The Boarding House

by James Joyce

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Why is Mrs. Mooney so intent on her daughter marrying practically anyone, in The Boarding House by James Joyce?

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In The Boarding House, we are introduced to a harsh woman right from the beginning. Mrs Mooney is a "butcher's daughter" and her abilities with a meat cleaver should not be challenged especially as her own husband chased her in just such a fashion! As far as Mrs Mooney is concerned, the cleaver is a figurative representation of her character. She knows that life is hard and in an unforgiving, judgmental and less-than-perfect environment for her daughter, she knows that it will be difficult for Polly to marry well and secure her future.

it is important to Mrs Mooney as she is all too familiar with the restraints placed upon herself with a husband who ruined her but from whom she can barely escape due to her Catholic beliefs and being forbidden to divorce. She watches Polly and forms her own assessments of the boarders, aware that they are mostly not suitable for her daughter as "none of them meant business." Mrs Mooney knows that Polly cannot make an informed choice and is determined that her daughter will not be a "slavey."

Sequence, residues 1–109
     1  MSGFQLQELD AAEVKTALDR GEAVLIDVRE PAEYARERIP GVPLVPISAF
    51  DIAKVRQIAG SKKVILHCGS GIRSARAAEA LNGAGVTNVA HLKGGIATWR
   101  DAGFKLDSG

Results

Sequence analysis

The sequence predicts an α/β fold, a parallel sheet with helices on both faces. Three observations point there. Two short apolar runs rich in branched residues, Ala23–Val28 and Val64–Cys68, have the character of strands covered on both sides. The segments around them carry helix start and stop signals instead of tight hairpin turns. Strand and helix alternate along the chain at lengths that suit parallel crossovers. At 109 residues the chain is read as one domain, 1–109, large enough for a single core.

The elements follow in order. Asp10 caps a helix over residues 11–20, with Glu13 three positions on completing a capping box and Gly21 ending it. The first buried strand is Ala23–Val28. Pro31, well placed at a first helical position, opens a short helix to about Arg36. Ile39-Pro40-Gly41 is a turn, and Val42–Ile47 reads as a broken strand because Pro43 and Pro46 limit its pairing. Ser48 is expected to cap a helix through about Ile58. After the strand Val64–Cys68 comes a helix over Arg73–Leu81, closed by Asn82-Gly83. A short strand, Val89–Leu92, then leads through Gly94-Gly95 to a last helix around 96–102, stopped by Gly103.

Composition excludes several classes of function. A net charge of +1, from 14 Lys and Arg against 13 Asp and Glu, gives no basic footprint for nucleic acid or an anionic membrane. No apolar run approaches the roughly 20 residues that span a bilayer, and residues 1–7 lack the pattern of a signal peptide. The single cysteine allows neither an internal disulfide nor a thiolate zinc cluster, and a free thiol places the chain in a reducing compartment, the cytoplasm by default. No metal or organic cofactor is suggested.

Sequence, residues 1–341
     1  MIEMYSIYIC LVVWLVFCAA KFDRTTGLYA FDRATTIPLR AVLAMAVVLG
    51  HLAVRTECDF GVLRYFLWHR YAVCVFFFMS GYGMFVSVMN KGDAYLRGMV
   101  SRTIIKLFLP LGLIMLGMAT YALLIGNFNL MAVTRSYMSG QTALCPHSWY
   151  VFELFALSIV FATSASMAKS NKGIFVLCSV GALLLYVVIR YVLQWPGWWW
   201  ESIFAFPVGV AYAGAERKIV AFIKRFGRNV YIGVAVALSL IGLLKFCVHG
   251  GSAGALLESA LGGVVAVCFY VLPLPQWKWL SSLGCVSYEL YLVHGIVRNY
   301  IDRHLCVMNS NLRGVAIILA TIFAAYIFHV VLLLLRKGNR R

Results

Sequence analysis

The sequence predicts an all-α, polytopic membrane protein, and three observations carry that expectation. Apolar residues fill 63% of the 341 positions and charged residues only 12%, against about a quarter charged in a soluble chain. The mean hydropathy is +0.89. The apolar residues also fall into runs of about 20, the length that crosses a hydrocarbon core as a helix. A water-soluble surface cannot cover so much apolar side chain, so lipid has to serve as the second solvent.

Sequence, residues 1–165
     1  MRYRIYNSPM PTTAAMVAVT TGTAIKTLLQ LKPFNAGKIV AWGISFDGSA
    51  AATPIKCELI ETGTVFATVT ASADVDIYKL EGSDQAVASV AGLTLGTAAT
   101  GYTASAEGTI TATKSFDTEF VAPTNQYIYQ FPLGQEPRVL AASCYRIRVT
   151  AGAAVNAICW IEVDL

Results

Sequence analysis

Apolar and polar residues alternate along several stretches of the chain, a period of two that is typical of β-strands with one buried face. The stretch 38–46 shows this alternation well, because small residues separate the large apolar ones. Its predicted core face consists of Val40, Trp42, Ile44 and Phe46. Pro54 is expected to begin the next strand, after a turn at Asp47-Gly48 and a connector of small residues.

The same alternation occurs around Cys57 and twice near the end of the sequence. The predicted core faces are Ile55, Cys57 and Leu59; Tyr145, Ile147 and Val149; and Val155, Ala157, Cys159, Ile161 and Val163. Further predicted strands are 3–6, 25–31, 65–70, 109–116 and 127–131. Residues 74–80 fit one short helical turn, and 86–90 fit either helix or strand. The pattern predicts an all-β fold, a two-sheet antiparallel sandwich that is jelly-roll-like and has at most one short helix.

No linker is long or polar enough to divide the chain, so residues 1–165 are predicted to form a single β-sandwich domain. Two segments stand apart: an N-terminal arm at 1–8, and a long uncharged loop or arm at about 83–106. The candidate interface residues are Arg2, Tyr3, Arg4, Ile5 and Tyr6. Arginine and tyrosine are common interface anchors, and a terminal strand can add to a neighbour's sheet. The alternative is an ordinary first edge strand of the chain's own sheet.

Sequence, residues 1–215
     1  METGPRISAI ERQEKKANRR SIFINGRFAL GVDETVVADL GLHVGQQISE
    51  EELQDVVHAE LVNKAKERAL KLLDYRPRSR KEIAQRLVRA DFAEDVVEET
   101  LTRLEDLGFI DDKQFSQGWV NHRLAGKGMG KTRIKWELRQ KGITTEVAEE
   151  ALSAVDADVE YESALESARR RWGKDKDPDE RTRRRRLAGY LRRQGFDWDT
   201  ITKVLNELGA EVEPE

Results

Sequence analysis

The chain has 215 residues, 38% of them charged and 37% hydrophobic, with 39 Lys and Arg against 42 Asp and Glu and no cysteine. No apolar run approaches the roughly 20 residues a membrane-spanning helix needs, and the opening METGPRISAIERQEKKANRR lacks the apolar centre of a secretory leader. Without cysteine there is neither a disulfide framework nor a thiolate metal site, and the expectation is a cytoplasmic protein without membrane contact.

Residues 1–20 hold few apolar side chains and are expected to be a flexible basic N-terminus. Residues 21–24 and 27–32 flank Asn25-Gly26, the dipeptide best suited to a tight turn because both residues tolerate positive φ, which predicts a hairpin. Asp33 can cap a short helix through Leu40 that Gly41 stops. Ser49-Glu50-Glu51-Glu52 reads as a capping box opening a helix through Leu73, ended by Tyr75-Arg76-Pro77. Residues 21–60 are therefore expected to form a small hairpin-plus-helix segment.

Sincere relationships and romance have no real part in this environment and, as a business woman, Mrs Mooney wants to ensure that Polly gets a better deal than she did herself so it becomes more like a commercial decision for her. Doran, a mild-mannered, older man seems like the best possible option in the circumstances and Mrs Mooney will manipulate him into marriage in the only "maternal" way she can, believing this will protect Polly from a life like her own.

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